• Shell
    • The program that provides the windows, taskbar, command prompt, cursors, desktop, etc. so that people can interact with the computer. The most well-known shells are the graphical Windows Explorer (explorer.exe) and the Mac OS X Aqua interface. In GNU/Linux & *BSD, this is either a graphical X11 shell (GNOME, KDE, Xfce, Unity, Enlightenment, Fluxbox, etc.) or a command-line interface such as bash or ksh.

Understanding the Assembly language well and knowing how the hardware works at the very low level are both necessities to make a successful operating system, and those obstacles apparently do not impede all the DIY operating system projects on the Internet (all 183 of them, to be precise).

A wake-up call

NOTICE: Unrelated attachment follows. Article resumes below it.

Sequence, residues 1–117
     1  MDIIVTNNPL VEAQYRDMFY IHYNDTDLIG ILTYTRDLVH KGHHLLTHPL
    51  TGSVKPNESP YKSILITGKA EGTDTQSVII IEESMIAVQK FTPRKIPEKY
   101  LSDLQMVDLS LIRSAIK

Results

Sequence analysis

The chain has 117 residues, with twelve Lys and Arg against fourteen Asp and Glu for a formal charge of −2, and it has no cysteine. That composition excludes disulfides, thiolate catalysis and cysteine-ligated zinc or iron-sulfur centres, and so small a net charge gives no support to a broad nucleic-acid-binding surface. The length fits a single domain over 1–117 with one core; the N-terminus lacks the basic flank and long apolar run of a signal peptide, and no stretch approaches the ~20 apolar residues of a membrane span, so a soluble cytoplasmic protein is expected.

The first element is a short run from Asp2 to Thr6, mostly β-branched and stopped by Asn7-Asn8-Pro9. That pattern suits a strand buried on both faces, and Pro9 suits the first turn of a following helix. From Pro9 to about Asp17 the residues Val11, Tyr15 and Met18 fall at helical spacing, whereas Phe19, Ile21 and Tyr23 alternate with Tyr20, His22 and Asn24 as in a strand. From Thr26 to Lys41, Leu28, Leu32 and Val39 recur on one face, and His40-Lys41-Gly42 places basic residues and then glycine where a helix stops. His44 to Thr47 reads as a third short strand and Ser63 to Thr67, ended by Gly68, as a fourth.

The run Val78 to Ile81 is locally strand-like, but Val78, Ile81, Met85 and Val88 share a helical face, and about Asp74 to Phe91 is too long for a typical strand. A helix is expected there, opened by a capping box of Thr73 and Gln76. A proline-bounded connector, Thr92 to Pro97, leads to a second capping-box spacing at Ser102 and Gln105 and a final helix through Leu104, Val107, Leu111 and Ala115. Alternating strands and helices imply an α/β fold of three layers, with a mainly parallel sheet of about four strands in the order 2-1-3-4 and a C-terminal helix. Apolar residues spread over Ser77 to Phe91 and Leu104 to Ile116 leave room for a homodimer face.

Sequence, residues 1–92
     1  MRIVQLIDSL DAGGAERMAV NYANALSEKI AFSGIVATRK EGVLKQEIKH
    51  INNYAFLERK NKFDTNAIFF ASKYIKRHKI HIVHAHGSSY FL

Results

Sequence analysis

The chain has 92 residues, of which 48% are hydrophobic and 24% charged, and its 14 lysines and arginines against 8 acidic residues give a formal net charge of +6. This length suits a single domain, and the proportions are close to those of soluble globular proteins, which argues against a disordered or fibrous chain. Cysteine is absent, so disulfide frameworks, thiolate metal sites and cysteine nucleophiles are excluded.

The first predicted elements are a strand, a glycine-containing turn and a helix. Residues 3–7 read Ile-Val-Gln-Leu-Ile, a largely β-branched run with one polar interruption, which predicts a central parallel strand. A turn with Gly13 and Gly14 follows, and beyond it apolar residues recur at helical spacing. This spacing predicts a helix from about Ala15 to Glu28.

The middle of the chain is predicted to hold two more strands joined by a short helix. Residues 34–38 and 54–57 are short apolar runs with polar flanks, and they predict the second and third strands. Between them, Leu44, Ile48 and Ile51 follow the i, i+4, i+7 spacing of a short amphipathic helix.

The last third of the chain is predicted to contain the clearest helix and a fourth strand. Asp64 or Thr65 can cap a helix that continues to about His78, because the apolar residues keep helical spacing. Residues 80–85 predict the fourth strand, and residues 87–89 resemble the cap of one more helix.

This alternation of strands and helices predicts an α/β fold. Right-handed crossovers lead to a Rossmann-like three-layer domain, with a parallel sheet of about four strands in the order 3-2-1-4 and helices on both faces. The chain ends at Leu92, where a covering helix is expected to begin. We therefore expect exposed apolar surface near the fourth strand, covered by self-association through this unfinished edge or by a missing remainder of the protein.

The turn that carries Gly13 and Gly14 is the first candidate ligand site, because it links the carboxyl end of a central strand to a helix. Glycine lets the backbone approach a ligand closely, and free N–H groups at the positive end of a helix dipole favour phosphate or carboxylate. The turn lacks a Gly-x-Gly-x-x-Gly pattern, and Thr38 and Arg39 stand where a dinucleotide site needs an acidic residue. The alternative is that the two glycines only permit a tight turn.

If your minds are swimming with possibilities right now on making revolutionary new operating system designs that you could show off to your friends and coworkers, I’m sorry to say that it is time to crush those dreams. It is very, very unlikely one would earn significant money and gain fame off operating system development nowadays: Windows, Mac, Linux, BSD, BeOS, AIX, and Solaris are here to stay and won’t be pushed from their pedestals by a lone developer any time soon. hey, even Linus Torvalds and Richard Stallman wouldn’t have gotten where they are today without the contributions of countless other people. So unless you have a strong public or commercial interest and a team of hundreds, if not thousands, of coders backing you up, you might as well give up those fantasies right now.